Scythe and the Work of the Church
Scythe is a gorgeous board game that imagines an alternate, post-Great War history, where hardy peasants are protected by grizzled soldiers and towering, armored mechanicals as they work pastoral landscapes. (The breathtaking artwork is by Jakub Rozalski.) The game is much more about the journey than the destination. During that journey, I noticed interesting parallels between various strategies in the game and the experience of the missional church.
In Scythe, players lead desperate factions in a struggle for popularity and power in a post-war landscape. As factions explore the land, their workers range out to exploit resources; meanwhile, immense dieselpunk mechanicals drive competing factions back to their home bases. The game ends immediately when one faction completes a sixth strategic achievement out of a possible 10. The faction with the most money at this point, wins (determined by the faction’s popularity, factored with the number of achievements attained, territories controlled, and resources in hand).
A key characteristic of Scythe is the player’s ability to pursue any number of different strategies to win. A player, for example, can build a faction into a military powerhouse—seizing territories, capturing resources, and sending opponents packing. Or, a player might act the diplomat: make clever promises, quietly produce resources, and covertly bank increased popularity. But either strategy only goes so far. The former actively works against the faction’s popularity (displacing an opponent’s workers costs you popularity), while the latter leaves the faction vulnerable to more aggressive neighbors. Players must carefully throttle investments in military power, factional popularity, territorial possession, and progress toward six achievements. Going all in on any of these can exhaust resources and reduce flexibility, yet attempting to balance them all can have equally limiting effects.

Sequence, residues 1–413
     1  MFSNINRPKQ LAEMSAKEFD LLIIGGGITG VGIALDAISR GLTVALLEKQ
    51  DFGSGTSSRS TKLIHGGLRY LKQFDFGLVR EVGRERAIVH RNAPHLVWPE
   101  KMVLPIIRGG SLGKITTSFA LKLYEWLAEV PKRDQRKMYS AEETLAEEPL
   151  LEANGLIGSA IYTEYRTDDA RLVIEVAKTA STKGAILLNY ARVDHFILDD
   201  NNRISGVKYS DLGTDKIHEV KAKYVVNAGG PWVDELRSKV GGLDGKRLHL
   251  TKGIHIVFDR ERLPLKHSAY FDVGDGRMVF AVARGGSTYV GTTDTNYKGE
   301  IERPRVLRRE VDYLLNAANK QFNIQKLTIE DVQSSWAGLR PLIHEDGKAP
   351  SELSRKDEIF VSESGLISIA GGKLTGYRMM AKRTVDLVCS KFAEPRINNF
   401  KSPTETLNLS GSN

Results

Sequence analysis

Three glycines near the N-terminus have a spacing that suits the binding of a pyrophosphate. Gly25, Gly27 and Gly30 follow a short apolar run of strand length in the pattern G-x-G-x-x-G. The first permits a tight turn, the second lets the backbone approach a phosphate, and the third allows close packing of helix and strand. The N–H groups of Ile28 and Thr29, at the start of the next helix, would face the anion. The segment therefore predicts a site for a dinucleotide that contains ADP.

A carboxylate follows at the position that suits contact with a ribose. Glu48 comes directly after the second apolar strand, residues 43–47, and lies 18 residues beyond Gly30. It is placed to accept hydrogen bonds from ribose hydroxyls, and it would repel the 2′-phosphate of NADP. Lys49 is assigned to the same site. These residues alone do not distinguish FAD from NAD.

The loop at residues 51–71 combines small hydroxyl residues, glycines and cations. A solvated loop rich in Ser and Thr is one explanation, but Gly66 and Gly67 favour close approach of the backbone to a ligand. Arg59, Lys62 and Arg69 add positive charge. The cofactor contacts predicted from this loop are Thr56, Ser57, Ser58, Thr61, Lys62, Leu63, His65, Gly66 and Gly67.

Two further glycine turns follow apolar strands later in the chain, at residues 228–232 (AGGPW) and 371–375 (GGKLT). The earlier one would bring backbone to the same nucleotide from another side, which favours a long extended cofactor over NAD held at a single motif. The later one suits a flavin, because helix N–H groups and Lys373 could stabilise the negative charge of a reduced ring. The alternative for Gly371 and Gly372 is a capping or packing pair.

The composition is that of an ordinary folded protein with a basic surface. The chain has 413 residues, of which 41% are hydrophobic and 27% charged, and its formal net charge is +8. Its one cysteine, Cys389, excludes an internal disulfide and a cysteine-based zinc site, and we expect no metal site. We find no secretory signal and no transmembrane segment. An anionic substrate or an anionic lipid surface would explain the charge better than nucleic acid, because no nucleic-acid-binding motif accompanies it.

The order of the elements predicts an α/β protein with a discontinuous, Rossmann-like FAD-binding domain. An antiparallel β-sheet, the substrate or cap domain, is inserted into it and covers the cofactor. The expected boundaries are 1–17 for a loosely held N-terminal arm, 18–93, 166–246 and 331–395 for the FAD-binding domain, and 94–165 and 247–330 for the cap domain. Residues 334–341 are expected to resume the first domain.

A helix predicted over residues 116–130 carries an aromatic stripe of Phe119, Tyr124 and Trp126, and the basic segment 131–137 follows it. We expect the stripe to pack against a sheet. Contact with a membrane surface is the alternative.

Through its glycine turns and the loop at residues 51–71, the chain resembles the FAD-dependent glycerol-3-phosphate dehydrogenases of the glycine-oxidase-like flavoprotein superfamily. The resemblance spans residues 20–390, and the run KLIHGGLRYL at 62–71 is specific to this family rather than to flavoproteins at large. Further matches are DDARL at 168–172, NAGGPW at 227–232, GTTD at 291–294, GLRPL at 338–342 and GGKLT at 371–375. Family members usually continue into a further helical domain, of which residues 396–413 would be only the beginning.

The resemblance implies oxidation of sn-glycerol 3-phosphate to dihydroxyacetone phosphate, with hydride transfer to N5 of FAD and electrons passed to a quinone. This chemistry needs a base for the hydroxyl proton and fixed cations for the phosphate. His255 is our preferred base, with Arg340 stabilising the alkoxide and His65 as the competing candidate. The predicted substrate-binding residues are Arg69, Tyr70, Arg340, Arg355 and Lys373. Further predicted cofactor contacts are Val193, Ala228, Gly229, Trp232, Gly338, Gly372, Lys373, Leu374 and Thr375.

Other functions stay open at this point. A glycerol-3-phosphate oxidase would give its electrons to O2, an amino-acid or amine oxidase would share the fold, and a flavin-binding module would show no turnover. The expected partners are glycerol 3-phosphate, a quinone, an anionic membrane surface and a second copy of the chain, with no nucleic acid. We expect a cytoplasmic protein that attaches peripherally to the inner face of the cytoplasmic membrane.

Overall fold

Scythe rewards mastery of its peculiar basic mechanic, but it’s a mastery that proves elusive. During each turn, a player may execute up to two actions: a more general, tactical action—like moving pieces or producing resources—and a corresponding strategic action that requires more resources and delivers a longer-term benefit (such as building mechs or upgrading the efficiency of the tactical actions). These strategic actions can be used up and bring the faction to a point of diminishing returns. As often as possible, the player wants to do both the tactical and the strategic actions every turn. But it’s not easy.
Hard to master or not, crafting creative strategies is where all the fun resides in Scythe. So, what has this got to do with the missional church? To be sure, the mission of the church is not a game and it doesn’t abruptly end when a church hits six strategic accomplishments. Still, allocating resources and enacting strategies are crucial to the local church determined to make an impact in their community for Jesus Christ. Especially for smaller churches, it’s actually very easy to over-extend resources, burn people out, and shift focus inward. When churches try to offer a ministry for every worthy cause, they are somewhat like the Scythe player trying to do everything, but ending up accomplishing very little.
Equally problematic is the over-reliance on a single ministry or event: that VBS program that has pulled in 100 or more kids every summer for the last 30 years or the Christian concert series going on its 20th season. These often bear great fruit early on, but as time passes they become the thing churches do because “that’s what we’ve always done.” Just like in Scythe, singular outreach strategies can end up costing more time, money, and effort for diminishing impact.
Of course, this is just an analogy, and we shan’t wear it out. Scythe has an awful lot going on, even while it is very easy to learn to play. Among its pleasures, I was pleased to discover a helpful lesson about the spiritual life of the local church: doing too much might achieve very little, while focusing too narrowly might shut out other valuable opportunities to share God’s love.